The racing community is struggling to come to terms with the death of two jockeys within 48 hours.
Melanie Tyndall, who died from injuries received in a fall in a race at Fannie Bay in Darwin on Saturday, has been remembered as a much-loved member of the tight-knit racing circle in the Northern Territory.
Her death came a day after 22-year-old apprentice Mikaela Claridge suffered fatal injuries during routine trackwork at Cranbourne in Victoria.
Tyndall was also a police officer and has been described as “loving, caring and professional” in that capacity.
NT Police commissioner Michael Murphy said “she was well regarded and very well respected by the community”.
Australian Jockeys Association chief executive Martin Talty said on Sunday the small NT racing community was reeling over the death of Tyndall.
“It is a sport that we all love, but sometimes it can be so cruel, and we’ve seen that in the last 24 to 48 hours,” Talty said.
He said there were systems in place to help the community deal with the tragic incident.
“We will offer every single entity of that support to every one that needs it here in the Northern Territory.”
Tyndall, 32, fell after her horse apparently clipped heels with another runner at the 300-metre mark of the race.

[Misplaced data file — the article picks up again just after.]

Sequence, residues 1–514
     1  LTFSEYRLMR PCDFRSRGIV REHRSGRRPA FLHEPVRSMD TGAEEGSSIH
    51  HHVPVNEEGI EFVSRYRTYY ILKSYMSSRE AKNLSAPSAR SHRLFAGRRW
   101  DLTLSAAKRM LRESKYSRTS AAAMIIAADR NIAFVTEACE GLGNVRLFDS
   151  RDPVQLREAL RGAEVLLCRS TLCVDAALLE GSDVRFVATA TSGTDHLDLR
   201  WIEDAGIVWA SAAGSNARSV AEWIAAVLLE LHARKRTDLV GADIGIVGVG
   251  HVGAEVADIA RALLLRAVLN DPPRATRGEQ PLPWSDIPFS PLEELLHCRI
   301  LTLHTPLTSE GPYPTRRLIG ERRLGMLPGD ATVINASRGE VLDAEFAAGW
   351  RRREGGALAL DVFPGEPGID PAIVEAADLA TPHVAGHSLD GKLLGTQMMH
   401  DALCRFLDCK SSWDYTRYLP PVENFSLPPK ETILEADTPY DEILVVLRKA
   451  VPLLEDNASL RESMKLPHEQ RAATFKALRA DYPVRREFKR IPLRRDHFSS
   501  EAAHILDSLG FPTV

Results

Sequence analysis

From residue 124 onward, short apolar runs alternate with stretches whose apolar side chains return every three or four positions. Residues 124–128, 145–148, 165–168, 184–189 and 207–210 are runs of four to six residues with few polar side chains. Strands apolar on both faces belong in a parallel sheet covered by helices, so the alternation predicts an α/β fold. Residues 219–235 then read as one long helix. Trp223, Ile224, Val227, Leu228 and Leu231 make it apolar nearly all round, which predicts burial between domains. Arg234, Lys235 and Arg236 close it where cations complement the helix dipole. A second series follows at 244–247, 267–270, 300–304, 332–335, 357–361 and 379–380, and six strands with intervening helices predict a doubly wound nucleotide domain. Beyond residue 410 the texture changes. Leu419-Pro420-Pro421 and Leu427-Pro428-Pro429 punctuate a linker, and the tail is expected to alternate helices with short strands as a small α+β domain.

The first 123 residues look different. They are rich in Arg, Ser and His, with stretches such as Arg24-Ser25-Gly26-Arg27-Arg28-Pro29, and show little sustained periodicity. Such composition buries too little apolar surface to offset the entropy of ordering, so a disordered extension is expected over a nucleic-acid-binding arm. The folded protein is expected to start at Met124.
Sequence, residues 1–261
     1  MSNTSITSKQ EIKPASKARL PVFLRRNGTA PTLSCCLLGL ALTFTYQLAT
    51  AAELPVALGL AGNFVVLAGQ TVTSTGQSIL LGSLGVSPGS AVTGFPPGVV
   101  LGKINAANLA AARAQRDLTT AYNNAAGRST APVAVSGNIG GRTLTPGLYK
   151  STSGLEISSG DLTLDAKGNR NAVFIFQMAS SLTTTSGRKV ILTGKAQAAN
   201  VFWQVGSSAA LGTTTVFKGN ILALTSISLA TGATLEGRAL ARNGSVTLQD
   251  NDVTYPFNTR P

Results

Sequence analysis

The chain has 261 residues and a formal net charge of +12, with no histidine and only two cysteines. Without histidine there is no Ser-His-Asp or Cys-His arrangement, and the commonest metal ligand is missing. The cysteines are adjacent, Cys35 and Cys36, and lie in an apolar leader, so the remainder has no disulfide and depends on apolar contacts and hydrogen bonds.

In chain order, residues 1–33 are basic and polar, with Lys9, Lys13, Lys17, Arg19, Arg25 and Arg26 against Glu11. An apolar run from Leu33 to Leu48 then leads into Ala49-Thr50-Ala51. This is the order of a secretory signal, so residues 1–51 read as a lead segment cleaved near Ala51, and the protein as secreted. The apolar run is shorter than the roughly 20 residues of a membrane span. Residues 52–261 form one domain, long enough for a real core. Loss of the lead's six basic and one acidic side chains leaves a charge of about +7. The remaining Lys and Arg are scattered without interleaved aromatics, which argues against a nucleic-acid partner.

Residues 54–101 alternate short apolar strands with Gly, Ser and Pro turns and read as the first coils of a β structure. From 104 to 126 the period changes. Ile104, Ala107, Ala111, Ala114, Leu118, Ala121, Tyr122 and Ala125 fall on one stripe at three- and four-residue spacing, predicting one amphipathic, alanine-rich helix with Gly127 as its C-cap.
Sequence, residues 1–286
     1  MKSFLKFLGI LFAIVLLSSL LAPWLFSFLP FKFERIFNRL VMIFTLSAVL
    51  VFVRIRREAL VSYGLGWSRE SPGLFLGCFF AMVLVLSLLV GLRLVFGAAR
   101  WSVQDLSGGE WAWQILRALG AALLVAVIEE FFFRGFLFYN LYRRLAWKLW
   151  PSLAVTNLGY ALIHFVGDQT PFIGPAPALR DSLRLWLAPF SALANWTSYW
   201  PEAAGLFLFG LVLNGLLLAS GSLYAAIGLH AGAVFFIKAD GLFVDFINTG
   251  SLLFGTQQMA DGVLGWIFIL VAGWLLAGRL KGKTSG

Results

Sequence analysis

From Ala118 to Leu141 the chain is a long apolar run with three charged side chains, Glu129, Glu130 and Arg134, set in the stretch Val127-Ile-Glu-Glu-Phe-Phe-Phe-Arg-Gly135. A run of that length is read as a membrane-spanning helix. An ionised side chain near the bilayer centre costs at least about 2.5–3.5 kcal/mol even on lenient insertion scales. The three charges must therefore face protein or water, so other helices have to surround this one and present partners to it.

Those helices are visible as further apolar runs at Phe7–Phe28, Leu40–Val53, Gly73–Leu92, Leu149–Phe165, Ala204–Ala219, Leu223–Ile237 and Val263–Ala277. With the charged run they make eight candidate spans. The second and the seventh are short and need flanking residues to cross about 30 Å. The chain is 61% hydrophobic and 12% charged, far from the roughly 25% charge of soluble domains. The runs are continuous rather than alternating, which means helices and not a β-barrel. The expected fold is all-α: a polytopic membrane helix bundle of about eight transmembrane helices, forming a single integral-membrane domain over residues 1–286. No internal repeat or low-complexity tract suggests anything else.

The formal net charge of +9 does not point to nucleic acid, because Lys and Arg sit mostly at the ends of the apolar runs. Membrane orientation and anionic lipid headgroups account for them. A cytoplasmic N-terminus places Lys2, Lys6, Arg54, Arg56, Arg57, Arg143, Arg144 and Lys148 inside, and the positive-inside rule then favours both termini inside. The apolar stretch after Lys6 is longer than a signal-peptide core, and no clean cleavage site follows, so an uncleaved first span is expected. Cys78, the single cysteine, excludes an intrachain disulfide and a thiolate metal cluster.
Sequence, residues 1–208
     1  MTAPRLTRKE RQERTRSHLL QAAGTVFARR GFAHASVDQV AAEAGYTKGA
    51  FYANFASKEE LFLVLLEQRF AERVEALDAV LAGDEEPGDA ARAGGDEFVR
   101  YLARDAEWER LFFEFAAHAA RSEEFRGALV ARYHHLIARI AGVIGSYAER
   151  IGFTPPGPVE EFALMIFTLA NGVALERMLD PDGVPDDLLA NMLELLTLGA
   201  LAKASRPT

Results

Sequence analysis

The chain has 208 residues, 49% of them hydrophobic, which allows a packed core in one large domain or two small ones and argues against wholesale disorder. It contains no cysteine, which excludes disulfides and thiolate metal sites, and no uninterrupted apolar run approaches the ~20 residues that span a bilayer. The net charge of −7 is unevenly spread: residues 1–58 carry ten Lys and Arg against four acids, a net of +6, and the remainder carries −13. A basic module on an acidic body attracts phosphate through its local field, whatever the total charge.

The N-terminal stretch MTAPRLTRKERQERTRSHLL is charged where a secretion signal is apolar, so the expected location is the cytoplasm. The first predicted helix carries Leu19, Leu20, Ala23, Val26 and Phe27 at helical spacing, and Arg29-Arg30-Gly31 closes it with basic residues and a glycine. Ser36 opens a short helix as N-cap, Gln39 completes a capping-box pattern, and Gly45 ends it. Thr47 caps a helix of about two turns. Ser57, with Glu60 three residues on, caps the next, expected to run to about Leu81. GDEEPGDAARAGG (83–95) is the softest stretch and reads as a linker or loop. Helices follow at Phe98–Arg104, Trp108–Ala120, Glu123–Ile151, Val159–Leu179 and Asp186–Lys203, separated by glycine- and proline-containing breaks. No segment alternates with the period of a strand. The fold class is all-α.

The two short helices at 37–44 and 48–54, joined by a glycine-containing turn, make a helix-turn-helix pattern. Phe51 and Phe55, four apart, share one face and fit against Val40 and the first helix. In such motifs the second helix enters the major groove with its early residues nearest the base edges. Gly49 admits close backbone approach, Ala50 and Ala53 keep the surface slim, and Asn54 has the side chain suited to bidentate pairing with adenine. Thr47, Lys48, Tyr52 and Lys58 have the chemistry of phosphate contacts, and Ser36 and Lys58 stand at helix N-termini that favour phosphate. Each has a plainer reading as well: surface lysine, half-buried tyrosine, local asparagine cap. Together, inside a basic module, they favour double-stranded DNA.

She was conscious when attended to by paramedics but died later in the Royal Darwin Hospital.
Darwin Turf Club chairman Brett Dixon recognised horse racing as a “high-risk” sport.
“We have people in the industry that are passionate about racing, they understand the risks involved,” he said.
“We, as administrators … work very hard in consultation with the industry to continue to lift the level of safety and standards at our race tracks …”
“But while there’s that passion there, people are going to continue to race.”
Tyndall, originally from Murray Bridge in South Australia, moved to Darwin in late 2012 to further her racing career with trainer Michael Hickmott.
Hickmott paid tribute to Tyndall on social media, saying “if people only knew the hurdles you conquered in your life to make what you did of yourself”.
“We were all so proud of what you achieved. You defied the odds,” he said on Saturday.
Dixon said Tyndall quickly became part of the “small racing family” in Darwin.
“She rode many winners right throughout the Territory,” he said.
Claridge had ridden 29 winners in her fledgling career which she had resumed last year after a back injury stalled her apprenticeship.
Married earlier this year, Claridge was indentured to Ken Keys at Cranbourne.
She and another rider were trotting horses on the sand trails at Cranbourne when it is believed something spooked the horses.
Both riders fell but while Claridge’s companion was immediately on her feet, the jockey had suffered catastrophic injuries and could not be revived.
Counselling services for all participants are available through the jockeys’ associations in each jurisdiction as well as the administrative bodies.